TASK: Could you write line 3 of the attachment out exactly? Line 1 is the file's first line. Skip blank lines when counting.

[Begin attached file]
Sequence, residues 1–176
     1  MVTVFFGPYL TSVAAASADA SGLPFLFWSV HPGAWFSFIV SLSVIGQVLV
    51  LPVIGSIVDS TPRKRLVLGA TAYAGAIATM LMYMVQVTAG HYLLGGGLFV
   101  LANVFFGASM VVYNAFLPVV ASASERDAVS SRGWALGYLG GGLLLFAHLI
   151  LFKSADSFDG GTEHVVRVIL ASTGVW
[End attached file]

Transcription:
    51  LPVIGSIVDS TPRKRLVLGA TAYAGAIATM LMYMVQVTAG HYLLGGGLFV